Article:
Hava Muhic stood Thursday above the smallest pit in the cemetery, near her husband's grave. It was dug for her baby girl - who was born and died here 18 years ago on the day of the worst massacre Europe has seen since World War II.
Hava Muhic stood Thursday above the smallest pit in the cemetery, near her husband’s grave. It was dug for her baby girl – who was born and died here 18 years ago on the day of the worst massacre Europe has seen since World War II.
Muhic’s baby is among the remains of 409 people recently identified after being found in mass graves, who were reburied at the Potocari Memorial Center on the anniversary of the Srebrenica massacre. This year’s commemorations bring the total of identified victims to 6,066. Another 2,306 remain missing.
Muhic is burying the daughter she never had a chance to see or call by name.
A simple wooden marker above the little green coffin says: Newborn Muhic (father Hajrudin) 11.07.1995 – the single date marking both birth and death.
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Muhic blames her child’s death on the frantic rush to seek safety among U.N. peacekeepers as Bosnian Serbs overran the town. A woman who helped her give birth in the U.N. compound told her the girl was born with the umbilical cord wrapped around her neck and that she was dead.
There is no way to know whether the chaos of the day had anything to do with the baby’s death. One thing’s certain, however: Muhic spent 18 years living with the pain of not knowing where her baby girl was buried.
Back then, Srebrenica was a U.N.-protected Muslim town in Bosnia besieged by Serb forces throughout the country’s 1992-95 war. Serb troops led by Gen. Ratko Mladic broke into the enclave on July 11, 1995. That morning, some 30,000 Bosnian Muslims flocked to the U.N. military base in the town’s Potocari suburb seeking refuge.
Among them was Muhic, then 24 – and nine months pregnant with her second child. Labor pains took her breath away as she passed the gate of the U.N. base. One of the peacekeepers told her she could enter the base’s main building but said the others would have to stay outside in the courtyard.
Muhic recalled the moment after she learned her baby’s fate.
“Two men in uniform came … They took my baby and put it in a box. They asked me for my personal information and I gave it to them. They said they were taking the baby to bury it.”
Meanwhile, Serb forces had also entered the U.N. compound unopposed by any of the hundreds of frightened U.N Dutch soldiers. They began separating men from women. Over the course of 5 days, they executed 8,372 men and boys.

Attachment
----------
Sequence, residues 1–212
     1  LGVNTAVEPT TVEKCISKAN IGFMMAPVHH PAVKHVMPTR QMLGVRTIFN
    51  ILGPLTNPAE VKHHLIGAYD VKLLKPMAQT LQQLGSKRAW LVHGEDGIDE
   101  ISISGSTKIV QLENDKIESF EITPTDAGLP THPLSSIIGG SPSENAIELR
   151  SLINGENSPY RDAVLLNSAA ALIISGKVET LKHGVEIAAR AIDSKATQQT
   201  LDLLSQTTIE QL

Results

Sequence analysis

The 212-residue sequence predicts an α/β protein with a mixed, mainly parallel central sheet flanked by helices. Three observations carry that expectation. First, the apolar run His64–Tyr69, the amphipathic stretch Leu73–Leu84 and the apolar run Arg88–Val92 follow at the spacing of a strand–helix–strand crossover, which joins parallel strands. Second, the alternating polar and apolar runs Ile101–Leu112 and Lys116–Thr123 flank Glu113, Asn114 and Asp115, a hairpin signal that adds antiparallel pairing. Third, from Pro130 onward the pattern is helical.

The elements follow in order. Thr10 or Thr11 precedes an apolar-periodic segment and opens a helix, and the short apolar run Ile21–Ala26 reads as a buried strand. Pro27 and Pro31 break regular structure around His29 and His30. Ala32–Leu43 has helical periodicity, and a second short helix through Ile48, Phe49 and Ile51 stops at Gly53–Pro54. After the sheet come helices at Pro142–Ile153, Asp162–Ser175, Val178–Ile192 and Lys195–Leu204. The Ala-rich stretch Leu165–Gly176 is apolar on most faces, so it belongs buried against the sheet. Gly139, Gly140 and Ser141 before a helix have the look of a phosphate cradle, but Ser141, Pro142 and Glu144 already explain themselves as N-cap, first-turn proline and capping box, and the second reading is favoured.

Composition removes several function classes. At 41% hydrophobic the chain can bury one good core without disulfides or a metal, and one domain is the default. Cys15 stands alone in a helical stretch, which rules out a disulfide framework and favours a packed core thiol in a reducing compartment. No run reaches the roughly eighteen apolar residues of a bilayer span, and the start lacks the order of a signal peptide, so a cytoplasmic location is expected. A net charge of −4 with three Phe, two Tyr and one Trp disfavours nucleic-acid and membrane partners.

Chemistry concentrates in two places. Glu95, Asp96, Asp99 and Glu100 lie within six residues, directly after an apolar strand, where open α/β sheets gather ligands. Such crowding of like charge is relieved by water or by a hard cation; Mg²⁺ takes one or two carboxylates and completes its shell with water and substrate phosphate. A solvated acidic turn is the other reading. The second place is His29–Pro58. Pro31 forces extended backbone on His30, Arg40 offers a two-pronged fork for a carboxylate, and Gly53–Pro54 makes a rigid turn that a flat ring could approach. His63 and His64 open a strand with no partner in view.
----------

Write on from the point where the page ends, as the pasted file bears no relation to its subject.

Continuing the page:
A half hour after she delivered the baby, Hava Muhic was told to get up and leave the building. Still covered in blood, she climbed with other women into a truck that drove them to safety. She did not know where her 5 year-old son or husband were.
Years later, she discovered that her husband Hajrudin, his two brothers and her brother were among the thousands killed in the massacre, which the International Court of Justice later defined as genocide. Mladic and former Bosnian Serb president Radovan Karadzic are both now standing trial in front of the U.N. war crimes tribunal for the Srebrenica genocide in Srebrenica and other war crimes.
Muhic’s son survived. Now 23, he lives with her in southern France.
Authorities spent years trying to find a mass grave that Dutch soldiers reported digging inside the base for Bosnian Muslims who died of natural causes during the carnage, according to Amor Masovic, one of the directors of Bosnia’s Missing Persons Institute.
Forensic experts searched several locations the soldiers pointed out, but could not find any skeletons.
“Eventually we obtained a photo the soldiers have taken of the open grave with the little body in it,” Masovic said. “By the position of the light poles on the photo and some shades, we found the location last year. There were five other bodies in the grave besides the baby’s.”
Srebrenica’s mayor Camil Durakovic believes the baby would have been alive today had Muhic received normal medical care.
“But it died because it was born under unbearable circumstances and therefore it is a victim of genocide,” he said.
Hava had a name for her daughter but she never had the chance to give it to her. She has asked that it be engraved on the tiny white marble headstone that is to replace the wooden one.
“I will do all I can to have the name the mother wanted for her child engraved on the baby’s tombstone,” said Durakovic. “That is the least we can do for the mother.”
So soon, Hava is likely to have the comfort of visiting a grave where – instead of “Newborn” – the headstone reads: “Fatima”.